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Ant Stigmergy on the Grid - Computer Systems @ JSI - IJS

Ant Stigmergy on the Grid - Computer Systems @ JSI - IJS

4 Experiments and

4 Experiments and results 4.1 Experimental environment Evaluation of cooling patterns and their assessment with respect to the cost function (Eq. 9) was done by means of a numerical simulator [15]. Its principal task is to dynamically track the temperature field in the slab as a function of process parameters. It involves a 3D model of the slab and finite element numerical approximation. In this study it was applied under the assumption of steady-state caster operation, and the search for optimal cooling patterns performed in the off-line manner. A single simulator run takes about 25 seconds on a 1.8 GHz AMD Opteron computer. Table 2. Parameter discretizations Pos. Zone no. Parameter p step i [m 3 /h] s i 1 p 1 0.1 191 2 p 2 0.1 348 c 3 p 3 0.1 267 e 4 p 4 0.1 65 n 5 p 5 0.1 74 t 6 p 6 0.1 58 e 7 p 7 0.1 53 r 8 p 8 0.1 49 9 p 9 0.1 51 1 p 10 0.1 191 2 p 11 0.1 348 c 3 p 12 0.1 267 o 4 p 13 0.1 24 r 5 p 14 0.1 21 n 6 p 15 0.1 6 e 7 p 16 0.1 53 r 8 p 17 0.1 49 9 p 18 0.1 51 Note that the parameter discretization is important part of the optimization process. According to experimental analyze of different discretizations [9], the uniform step size was chosen (see Table 2). The number of possible parameter settings can be obtained as follows. For a parameter p i from the interval [p min i ,p max i ] with step size p step i ,thereares i = ⌊(p max i − p min i )/p step i ⌋ +1 values ∏ possible, and the total number of settings is s = D i=1 s i,whereD is the number of parameters. This results in s =4.7 · 10 33 for step size p step i =0.1m 3 /h. The computer platform used to perform the experiments was an eight-node Grid connected via Giga-bit switch, each node consisted of two AMD Opteron TM 1.8 GHz processors and 2 GB of RAM. We used a homogeneous Grid, so we could estimate the speed-up. But this is not a requirement for a real-life applications. Clients and server used a standard TCP/IP protocol to communicate between each other. In the experiments, the stopping criterion for the DMASA was given by the number of solution evaluations. It was set to 768 (eight ants × eight levels × 12 climb-downs per level) evaluations per run and this value was chosen considering the computational complexity of the optimization procedure. Other algorithm parameters were set as follows. The DMASA operated with eight levels, at each level ants in sub-colony climbs down the graph until the “level ending condition” is not met (96 evaluations per level in all sub-colonies together). Total number of ants in all sub-colonies is eight, while the number of ants in each sub-colony depends on the number of nodes in the Grid as shown in Table 3. Table 3. Distribution of ants Num. of nodes in the Grid 1 2 4 8 Number of sub-colonies 1 2 4 8 ong>Antong>s per sub-colony 8 4 2 1 Table 4. The optimized coolant flows Pos. Zone no. T [ ◦ C] Parameter p ′ i [m 3 /h] 1 1048.5 p 1 17.2 2 1039.3 p 2 33.0 c 3 978.3 p 3 20.9 e 4 977.6 p 4 7.9 n 5 960.3 p 5 9.2 t 6 950.0 p 6 5.8 e 7 940.0 p 7 3.1 r 8 930.1 p 8 3.2 9 919.8 p 9 2.1 1 880.5 p 10 8.4 2 863.3 p 11 22.8 c 3 803.5 p 12 15.6 o 4 836.0 p 13 3.5 r 5 804.7 p 14 4.4 n 6 783.0 p 15 2.8 e 7 773.8 p 16 1.3 r 8 760.9 p 17 1.0 9 720.6 p 18 1.2 The cost of this solution is 9070.4. For each distribution (N = 1, 2, 4 or 8), we ran the algorithm 30 times and compared the solution quality and computational time.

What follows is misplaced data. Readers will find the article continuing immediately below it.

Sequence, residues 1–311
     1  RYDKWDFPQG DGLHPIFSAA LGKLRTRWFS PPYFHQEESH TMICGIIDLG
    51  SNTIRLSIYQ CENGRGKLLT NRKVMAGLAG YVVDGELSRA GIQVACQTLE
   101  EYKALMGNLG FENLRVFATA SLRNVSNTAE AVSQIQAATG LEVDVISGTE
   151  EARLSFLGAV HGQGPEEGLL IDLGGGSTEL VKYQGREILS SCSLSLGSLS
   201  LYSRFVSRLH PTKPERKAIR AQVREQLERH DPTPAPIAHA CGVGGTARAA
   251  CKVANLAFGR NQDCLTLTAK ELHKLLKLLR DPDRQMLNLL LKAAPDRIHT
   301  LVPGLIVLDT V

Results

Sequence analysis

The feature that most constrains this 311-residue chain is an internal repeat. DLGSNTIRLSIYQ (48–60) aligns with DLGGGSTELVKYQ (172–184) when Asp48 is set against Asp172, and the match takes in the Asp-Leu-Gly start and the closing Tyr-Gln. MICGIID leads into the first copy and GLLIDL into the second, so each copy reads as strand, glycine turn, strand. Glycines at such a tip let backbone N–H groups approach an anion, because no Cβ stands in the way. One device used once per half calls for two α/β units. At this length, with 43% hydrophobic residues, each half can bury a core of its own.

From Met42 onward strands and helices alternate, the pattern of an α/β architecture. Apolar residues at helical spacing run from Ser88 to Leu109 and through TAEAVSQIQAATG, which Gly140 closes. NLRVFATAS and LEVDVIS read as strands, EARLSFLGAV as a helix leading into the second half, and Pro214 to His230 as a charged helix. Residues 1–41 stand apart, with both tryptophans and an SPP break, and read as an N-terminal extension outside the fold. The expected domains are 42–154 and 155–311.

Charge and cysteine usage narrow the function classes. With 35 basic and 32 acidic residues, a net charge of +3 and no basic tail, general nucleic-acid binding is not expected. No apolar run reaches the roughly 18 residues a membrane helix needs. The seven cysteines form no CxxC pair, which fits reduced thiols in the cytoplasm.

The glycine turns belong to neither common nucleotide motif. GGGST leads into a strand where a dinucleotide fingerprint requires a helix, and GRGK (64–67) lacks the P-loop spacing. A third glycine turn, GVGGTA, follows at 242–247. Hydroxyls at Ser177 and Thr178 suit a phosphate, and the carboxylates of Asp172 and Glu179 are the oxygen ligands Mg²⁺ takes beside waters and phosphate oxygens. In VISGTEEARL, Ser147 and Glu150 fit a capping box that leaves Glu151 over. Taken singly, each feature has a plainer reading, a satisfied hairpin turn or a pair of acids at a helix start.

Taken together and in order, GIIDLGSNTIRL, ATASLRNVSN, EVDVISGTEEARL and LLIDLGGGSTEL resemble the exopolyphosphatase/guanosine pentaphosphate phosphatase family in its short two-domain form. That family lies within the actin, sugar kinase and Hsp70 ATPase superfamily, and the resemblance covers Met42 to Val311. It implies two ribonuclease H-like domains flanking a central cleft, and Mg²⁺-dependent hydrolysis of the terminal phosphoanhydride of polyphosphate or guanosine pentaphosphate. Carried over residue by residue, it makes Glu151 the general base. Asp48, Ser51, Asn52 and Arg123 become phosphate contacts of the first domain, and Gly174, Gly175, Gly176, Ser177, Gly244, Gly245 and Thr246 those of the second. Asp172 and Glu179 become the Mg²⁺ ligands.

4.2 Results In this section we present and discuss the results of the experimental evaluation of the DMASA algorithm employed with different degrees of distribution (number of nodes used in the Grid). Table 4 shows the best parameter setting p ′ found so far [9]. This is the solution obtained in every run regardless of the degree of distribution. For this reason we further concentrate only on the time needed to compute the solution and not on the solution quality. Table 5. Computation time T [hours:minutes] needed by the DMASA and average speed-up Num. of nodes in the Grid 1 2 4 8 T min 8:43 5:06 3:57 3:02 T max 10:55 7:56 6:36 5:15 T avg 9:40 6:30 4:54 4:05 Std 0:34 0:33 0:33 0:38 speed-up 1.00 1.49 1.97 2.37 In Table 5 one can see the computational times needed by the DMASA on different number of nodes in the Grid. It is shown that we managed to decrease time quite noticeably from almost ten hours on one node to under four hours on the Grid with eight nodes. The standard deviation remained almost the same through all evaluations, between 33 and 41 minutes. c(T) 100000 80000 60000 40000 20000 c(T') = 9070.4 N=1 N=2 N=4 N=8 0 0 2 4 6 8 10 time [h] Figure 4. Convergence of the DMASA Figures 4 and 5 show the convergence and speed-up speed-up 2.5 2 1.5 1.49 1.97 1 1 2 3 4 5 6 7 8 N (nodes in the Grid) Figure 5. Speed-up of the DMASA of the DMASA that was achieved with different number of nodes. We can see that the convergence is improved with higher number of nodes and the speed-up is not linear but still quite evident. 5 Conclusions Optimization of coolant flow settings in continuous casting of steel is a key to higher product quality. It is nowadays to a high degree performed through virtual experimentation involving numerical process simulators and advanced optimization techniques. In this study of optimizing 18 cooling water flows for a Ruukki casting machine under steady-state conditions, a new distributed search algorithm based on stigmergy perceived in ant colony was applied and its performance evaluated. The results indicate the importance of the applied search space discretization [9] and suggest the construction of a hybrid algorithm to find near-optimal solutions in smaller number of solution evaluations. We have shown that with the Grid computing the computation time can be drastically decreased (from half a day to a few hours) without any decrease in the solution quality. It is our interest to further investigate the performance of the proposed DMASA algorithm under different scenarios. The work can be extended with Grid middleware [19], such as the Globus Toolkit [11], Condor [21], or UNICORE (Uniform Interface to Computer Resources) [17]. References [1] N. Chakraborti, R. Kumar, D. Jain. A study of the continuous casting mold using a Pareto- 2.37